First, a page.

Jeanne spent years in a cramped building with no heat in the winter, nor air-conditioning in the summer. Life changed drastically during the war. Washington, D.C. flooded with people waiting to be deployed. A visceral sense of urgency and fear fueled their work; people slept fleetingly and lived together communally. They pooled what little resources they had in order to enjoy rare moments of peace and happiness, while the specter of war loomed just beyond the horizon.
The carefree life Jeanne had experienced as a child, and which had been fostered by her parents, was over. But her exposure to the depravity of war, the death of culture, and the glorification of destruction brought about by it, fueled Jeanne’s desire to perpetuate the arts, to seek beauty, and to never forget the inherent innocence and nobility of the human spirit.
A Familiar Life Returns
Before she became a grieving widow, Jeanne had encountered Walter Thayer as a civilian conducting business in London, utilizing military planes to transport urgent reports to and from Europe. Jeanne would ensure that their pilots delivered his parcels and letters, transported unofficially aboard warplanes heading to London from Washington, D.C. After the end of the war, Walter courted Jeanne, enticing her with an invitation to dinner at an upscale restaurant, to which he offered to escort her in his privately-owned automobile. It didn’t hurt his case that gasoline was still being rationed.
Walter wanted to start a law firm in New York, and Jeanne was ecstatic over the idea. She still had many old connections from her acting days before she’d met Horace. Walter was well connected, too. With some help, he started a firm that quickly proved to be a success, complete with partners and clients whose names read like a roster of the city’s most respected and influential people. Jeanne cherished Walter as a man incapable of dissimulation, a genuine champion for the truth, a character whose evident traits explained both his professional success and long-lasting relationships with friends and partners in New York and Washington, D.C.
Jeanne and Walter had three children. With two young girls and a baby boy, they moved out to the country, where, in Rye, New York, they found more space and a peaceful place for the children to grow. It was the first period of calm she had enjoyed since her childhood in Hawaii. Yet, while she appreciated the family-oriented opportunities offered by suburban life, Jeanne always longed for the city. She shared a deep connection with New York. It was part of her sense of identity. When the children reached their teens and began going off to boarding school, Jeanne and Walter moved back to the Big Apple.
Regaining the lifestyle she had lived before moving to Rye, Jeanne frequented lectures at the Museum of Modern Art every Saturday, including those by her favorite speaker, Claude Marks, who she described as having an encyclopedic knowledge of art and history. Jeanne was back in her element, learning more about the topics that had once inspired her and, of course, making many new friends along the way. Walter was on the board of the Museum of Modern Art and Jeanne would volunteer there as often as possible. She also became one of three women on the Board of Trustees for the State University of New York.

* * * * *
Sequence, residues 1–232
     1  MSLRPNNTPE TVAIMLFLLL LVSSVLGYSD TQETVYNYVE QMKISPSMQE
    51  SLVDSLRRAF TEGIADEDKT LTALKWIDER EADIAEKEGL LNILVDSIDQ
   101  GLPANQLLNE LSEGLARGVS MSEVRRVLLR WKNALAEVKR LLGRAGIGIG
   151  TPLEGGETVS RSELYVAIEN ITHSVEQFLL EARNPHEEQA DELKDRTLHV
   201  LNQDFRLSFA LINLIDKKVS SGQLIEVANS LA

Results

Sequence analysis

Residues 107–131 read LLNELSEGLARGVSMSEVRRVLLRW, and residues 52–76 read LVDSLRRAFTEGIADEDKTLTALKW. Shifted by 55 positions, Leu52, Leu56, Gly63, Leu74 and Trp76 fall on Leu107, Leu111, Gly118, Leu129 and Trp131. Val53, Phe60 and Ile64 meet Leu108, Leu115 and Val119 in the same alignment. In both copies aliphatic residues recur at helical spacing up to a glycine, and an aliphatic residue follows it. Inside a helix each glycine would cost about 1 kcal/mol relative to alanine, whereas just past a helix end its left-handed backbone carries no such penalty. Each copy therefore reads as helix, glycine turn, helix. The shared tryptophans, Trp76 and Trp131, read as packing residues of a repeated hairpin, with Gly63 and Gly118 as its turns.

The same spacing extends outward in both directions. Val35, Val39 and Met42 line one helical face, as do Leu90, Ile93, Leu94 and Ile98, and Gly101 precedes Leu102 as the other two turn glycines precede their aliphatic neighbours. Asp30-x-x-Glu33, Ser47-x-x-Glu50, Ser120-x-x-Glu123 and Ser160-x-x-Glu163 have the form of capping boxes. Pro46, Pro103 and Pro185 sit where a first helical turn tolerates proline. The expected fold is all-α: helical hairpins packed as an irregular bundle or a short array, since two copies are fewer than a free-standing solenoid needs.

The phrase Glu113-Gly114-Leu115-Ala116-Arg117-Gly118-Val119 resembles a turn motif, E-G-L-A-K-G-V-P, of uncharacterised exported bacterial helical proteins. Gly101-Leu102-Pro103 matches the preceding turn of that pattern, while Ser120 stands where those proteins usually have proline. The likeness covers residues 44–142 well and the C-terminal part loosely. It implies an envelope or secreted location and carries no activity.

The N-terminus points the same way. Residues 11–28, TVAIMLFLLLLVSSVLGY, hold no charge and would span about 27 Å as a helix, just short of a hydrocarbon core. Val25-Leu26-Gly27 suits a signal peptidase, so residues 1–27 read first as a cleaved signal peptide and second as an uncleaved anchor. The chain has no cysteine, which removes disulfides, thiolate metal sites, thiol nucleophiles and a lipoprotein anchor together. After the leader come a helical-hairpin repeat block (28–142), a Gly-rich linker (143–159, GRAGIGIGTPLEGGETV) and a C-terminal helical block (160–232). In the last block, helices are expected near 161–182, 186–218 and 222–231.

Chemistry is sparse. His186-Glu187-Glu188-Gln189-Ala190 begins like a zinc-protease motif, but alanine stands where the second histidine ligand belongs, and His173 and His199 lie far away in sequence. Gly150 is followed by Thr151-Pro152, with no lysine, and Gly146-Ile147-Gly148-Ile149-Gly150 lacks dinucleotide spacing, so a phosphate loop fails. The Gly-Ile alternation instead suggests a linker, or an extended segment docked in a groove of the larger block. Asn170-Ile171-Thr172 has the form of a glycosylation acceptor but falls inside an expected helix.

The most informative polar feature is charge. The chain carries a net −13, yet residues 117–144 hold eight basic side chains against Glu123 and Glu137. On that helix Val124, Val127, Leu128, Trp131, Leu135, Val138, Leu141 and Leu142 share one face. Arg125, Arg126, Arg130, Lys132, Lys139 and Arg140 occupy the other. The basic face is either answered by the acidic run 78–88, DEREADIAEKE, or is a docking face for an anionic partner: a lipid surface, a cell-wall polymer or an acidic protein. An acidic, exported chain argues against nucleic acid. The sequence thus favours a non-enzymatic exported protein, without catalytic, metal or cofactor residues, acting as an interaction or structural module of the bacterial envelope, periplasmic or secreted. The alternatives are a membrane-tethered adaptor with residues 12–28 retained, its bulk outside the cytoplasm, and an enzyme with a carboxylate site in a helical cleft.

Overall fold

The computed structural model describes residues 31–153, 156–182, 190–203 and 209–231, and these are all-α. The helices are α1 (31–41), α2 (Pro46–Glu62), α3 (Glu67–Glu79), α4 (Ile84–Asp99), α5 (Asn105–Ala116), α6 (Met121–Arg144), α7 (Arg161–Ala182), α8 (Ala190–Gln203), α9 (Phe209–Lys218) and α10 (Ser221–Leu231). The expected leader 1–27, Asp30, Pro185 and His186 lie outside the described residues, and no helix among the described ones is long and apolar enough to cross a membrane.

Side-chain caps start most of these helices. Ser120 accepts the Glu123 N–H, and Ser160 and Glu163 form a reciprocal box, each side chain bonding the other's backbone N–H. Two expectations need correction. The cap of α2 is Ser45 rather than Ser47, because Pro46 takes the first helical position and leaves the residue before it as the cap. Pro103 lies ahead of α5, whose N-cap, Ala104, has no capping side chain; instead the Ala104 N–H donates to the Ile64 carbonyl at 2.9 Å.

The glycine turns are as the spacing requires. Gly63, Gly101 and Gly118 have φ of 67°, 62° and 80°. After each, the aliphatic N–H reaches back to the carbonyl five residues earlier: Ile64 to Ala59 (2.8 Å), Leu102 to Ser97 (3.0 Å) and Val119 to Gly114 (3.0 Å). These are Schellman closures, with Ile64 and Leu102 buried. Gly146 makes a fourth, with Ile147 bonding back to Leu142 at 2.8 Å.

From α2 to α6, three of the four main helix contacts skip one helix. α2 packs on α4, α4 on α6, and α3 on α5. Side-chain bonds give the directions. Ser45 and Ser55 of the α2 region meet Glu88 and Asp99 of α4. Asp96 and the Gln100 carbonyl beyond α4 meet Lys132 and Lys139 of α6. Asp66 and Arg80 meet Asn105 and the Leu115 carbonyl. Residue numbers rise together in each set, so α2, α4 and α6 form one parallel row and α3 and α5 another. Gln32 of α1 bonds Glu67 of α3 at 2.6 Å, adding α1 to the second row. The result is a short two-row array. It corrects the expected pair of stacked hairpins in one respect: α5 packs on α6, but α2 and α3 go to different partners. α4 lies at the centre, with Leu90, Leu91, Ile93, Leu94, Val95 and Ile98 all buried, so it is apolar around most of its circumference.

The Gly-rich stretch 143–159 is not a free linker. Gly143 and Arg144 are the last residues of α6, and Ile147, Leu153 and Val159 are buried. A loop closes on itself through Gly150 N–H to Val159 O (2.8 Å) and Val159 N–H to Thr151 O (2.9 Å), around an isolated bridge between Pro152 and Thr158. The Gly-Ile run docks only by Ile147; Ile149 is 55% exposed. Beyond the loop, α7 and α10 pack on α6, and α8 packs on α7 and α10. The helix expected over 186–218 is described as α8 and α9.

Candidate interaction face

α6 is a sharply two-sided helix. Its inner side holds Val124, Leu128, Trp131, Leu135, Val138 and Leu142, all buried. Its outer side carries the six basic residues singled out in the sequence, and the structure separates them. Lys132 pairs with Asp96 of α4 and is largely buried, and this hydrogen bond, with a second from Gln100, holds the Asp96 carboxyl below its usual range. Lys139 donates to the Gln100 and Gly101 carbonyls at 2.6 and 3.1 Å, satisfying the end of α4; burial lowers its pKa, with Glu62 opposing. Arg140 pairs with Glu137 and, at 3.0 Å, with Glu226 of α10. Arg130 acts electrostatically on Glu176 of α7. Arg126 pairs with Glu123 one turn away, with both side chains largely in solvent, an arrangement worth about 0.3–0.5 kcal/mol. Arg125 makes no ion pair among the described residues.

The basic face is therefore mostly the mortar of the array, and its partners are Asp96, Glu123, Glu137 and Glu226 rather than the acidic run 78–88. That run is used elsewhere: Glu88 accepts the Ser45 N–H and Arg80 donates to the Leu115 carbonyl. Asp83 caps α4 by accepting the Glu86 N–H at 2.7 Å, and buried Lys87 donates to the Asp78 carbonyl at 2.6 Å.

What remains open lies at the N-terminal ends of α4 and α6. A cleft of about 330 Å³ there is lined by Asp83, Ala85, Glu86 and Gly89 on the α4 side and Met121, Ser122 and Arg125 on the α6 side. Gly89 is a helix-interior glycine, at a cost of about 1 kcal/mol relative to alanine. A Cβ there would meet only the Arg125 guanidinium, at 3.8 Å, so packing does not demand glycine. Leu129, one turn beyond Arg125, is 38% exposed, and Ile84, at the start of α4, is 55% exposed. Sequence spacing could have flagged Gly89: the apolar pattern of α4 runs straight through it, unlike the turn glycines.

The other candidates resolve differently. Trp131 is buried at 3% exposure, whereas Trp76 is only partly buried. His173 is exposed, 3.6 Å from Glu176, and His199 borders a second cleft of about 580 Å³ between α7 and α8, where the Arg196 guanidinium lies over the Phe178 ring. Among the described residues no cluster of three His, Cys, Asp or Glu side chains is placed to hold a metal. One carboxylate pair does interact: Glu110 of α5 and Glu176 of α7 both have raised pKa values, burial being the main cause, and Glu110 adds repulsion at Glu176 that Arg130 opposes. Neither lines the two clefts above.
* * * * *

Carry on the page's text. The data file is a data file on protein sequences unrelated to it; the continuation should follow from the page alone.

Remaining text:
She was also a member of the Westchester Council of the Arts, the Council at the College of Purchase, and, later, a member of the Board of Trustees of the State University of New York. Two fellowships are given in her honor, in fine and performing arts, both of which are still awarded to graduating students at SUNY.
Beyond her service to academia, Jeanne remained committed to other organizations of the arts, participating on the boards of the New York City Ballet, Sleepy Hollow Restorations (now Historic Hudson Valley), and was a Life Trustee of the Museum of Modern Art, with which she served on many committees, including the International Council. Jeanne was also the first woman to give the commencement address at Attica Correctional Facility as a trustee with SUNY.
A New Home
When Walter passed away in 1989, Jeanne took his place on the Board of Trustees for the Museum of Modern Art. She remained in New York for five years after his death before deciding to leave New York City in favor for a quiet corner in Southern California, the chosen home of her son, Tom. Montecito would provide a new style of life away from the bustle of New York. Jeanne found the 1994 move to be bittersweet, appreciating the quiet beauty of Montecito while still missing the vivaciousness of New York City. Still, she quickly became involved in groups and organizations that brought her the same pleasure, being a part of the things that mattered to her. Most notably, she contributed often to Lotusland, the Santa Barbara Symphony, and the Music Academy of the West.
From New York to California, between galleries and gardens, Jeanne sought beauty and found it often. She continued to share that beauty with those around her. She was a treasure and inspiration to friends and family alike. She was caring and dedicated as a wife and mother. She imparted her love for the arts, travel, and the importance of education to all her children and grandchildren.
In the words of her granddaughter, Kate O’Shaughnessy, “She held every person she ever met with unconditional positive regard. She had the grace of a ballerina and the mind of a scholar.”
Jeanne is survived by her children Tom Thayer, Gail Reagan, Susan Noble, and Ann Thayer, 10 grandchildren, and 10 great-grandchildren.